Al's Combat Triangle

Update 2/5/07

Ron Flory built a combat triangle, and sent me these comments and improvements:

I just built a combat triangle based upon your design. I made several changes:

Photos of Ron's plane:

Update 1/9/02

Stole the servos and receiver off the cheap stealth for another project. This one's mothballed for now until Spring when maybe I can get some combat going at the club field.

Update 10/10/01

By popular request by my club and fellow E-zoners I have made some quick-and-dirty plans of the plane. Some people have reported that clicking on these gives them trouble, but using the [Right Click][Save As...] works. FYI. Available in two forms:

Update 10/9/01

Went flying at lunch, #2 flew great right off the bat! Three clicks of right trim was all it needed. Balance was right on and performmance was as good as #1 with a slightly more predictable glide. It's still a flying plank, but it will do the trick for a cheapie club combat foamie! The nickname this thing is taking on is the Combat Triangle. It just seems to fit better than Cheap Stealth

Update 10/4/01

Version #2 is ready for trials. Enlarged as much as I could without having to waste a lot of foam on the sheet. Reinforced the larger sheet with red packing tape zagi-style. Also reinforced leading edge since #1 really took a beating there. Motor mount is 2 spruce rails with motor and gearbox attached with rubber bands. Significantly enlarged the vertical fins to keep it from "falling off" in turns. Building time with all the extra enhancements, tape, etc. 1 1/4 hour.

Version #1 - "Cheap Stealth"

It has been a bad month with me losing 5 planes in less than 10 days. Some of the planes cost me money, the other heartache of all the labor involved the worst was the loss of my Fokker D-VIII which cost me both. I needed a quick fix as a salve to my RC existence.

Jonathan Townsend's website had piqued my interest earlier and I had just gone in three ways on a stack of 3/8" pink insulation foam with some fellow flyers. Looking at Jonathan's site I decided the Cheap Stealth was the easiest to build and suited my needs and the extra equipment I had recently liberated by crashing so many models.

OK, I got 8 large sheets of foam insulation for $10 (my share of the cost of a full fanfold bundle). This plane takes less than 1/2 of a sheet so total material costs were under $1.00 for the airframe, glue and pushrods. I looked at the dimensions on Jonathan's site, then made up my own, about 80% of his plane's size. Power is a GWS S-1, pushing a folding parkflier prop 9x? (twisted to have enough pitch, but exactly how much unknown). I went with the folder after breaking 3 9x7 GWS props landing in one flying session. Servos are GWS picos' wrapped with electrical tape and CA'ed to the foam with oderless CA. Receiver and ESC are held on with velcro as is the 8x280 NiMh pack on the underside.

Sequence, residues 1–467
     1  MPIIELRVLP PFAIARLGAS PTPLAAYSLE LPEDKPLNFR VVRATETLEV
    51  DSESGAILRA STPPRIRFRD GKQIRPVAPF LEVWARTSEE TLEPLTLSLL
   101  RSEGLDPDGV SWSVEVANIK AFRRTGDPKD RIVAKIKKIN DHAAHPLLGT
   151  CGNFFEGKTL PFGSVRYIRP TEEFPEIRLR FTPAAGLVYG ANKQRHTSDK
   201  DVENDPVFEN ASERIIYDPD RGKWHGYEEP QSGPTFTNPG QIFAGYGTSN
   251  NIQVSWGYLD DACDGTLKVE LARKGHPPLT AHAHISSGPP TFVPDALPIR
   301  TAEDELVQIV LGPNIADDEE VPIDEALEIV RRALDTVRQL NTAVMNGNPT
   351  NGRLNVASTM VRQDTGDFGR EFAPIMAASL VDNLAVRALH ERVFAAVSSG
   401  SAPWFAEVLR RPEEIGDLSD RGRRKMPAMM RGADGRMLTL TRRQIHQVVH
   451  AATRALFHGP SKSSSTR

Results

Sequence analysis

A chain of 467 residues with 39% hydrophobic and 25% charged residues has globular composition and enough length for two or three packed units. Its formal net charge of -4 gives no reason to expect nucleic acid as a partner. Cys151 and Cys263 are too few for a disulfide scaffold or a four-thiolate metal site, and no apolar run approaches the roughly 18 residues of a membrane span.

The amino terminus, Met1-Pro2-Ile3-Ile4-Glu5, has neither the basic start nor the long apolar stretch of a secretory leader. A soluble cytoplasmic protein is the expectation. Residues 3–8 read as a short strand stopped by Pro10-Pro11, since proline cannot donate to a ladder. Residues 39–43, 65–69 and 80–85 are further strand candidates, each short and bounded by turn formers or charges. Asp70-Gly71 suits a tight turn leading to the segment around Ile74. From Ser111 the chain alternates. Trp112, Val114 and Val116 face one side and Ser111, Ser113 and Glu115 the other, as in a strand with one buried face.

Total construction time: 45 minutes. - you heard right - and that's for a full scratch build, this is no RTF!

How does she fly? Well..... Um..... Like a sheet of pink foam! She does barrell rolls great, but loops are nearly impossible and sometimes you come out of them in a tip stall. The plane is FAST for a GWS powered foamie since there is hardly any drag on the flat plate airfoil. This is no floater, power must be on at all times or she drops out of the sky like most flying disk type planes. I use exponential and dual rates on my radio to get it to behave well, you'd probably have a handfull if your radio didn't have exponential at a minimum.

I've already had more airtime on it than the time I spent building it. Every time I fly it I laugh out loud at the fact that this thing actually flys considering how easy it was to build. This would make a great club combat plane. I could easilly make 6 of them in an evening at a total cost of a few bucks! They say you get what you pay for - well in this case you get a little more :-)

Update 9/30/01

I know what you're saying, that doesn't look much like a GWS-A motor on the front of that thing. Well I took the Cheap Stealth to our club's field work day (which always ends with plenty of flying) and although everyone was pleasently pleased with the performance the cry for MORE POWER became too much for me to resist!

After unsuccessful trials with a direct drive 280, I put on a 2.33:1 Geared Speed 300 pushing an 8x6 APC prop and 7 600AE NiCads! Let's just say it's a different plane this way! What a rocket. On full rates she rolls so fast you worry about ejecting the batteries. Loops are fine and you can even do some vertical zooms before the plane falls off to one side.

A piece of fillament tape on the underside seemed prudent to handle the extra stresses of the speed and weight added. After breaking off the motor mount a couple times I came up with 2 spruce sticks and a rubber band mount for the motor/gearbox. It pops off on hard landings with no damage.

This thing is so fun I have a friend trying a slightly larger one for speed 400 direct drive with a Zagi prop. Our club is thinking of making this our combat plane. I prefer it with the Speed 300 power, but the GWS version was also quite acceptable. I'll draw up some plans soon.

Update 10/3/01

Took the cheap stealth out at lunch - flew fine until some spectators showed up and I tried to do 3 full rolls in a row. The plane did the rolls fine actually too well. Did 3 1/2 so when I pulled out I was really inverted. Plane emploded when it piled in hard. Broken prop, motor mount and main wing. I wanted to try a larger one anyways. Will rebuild.

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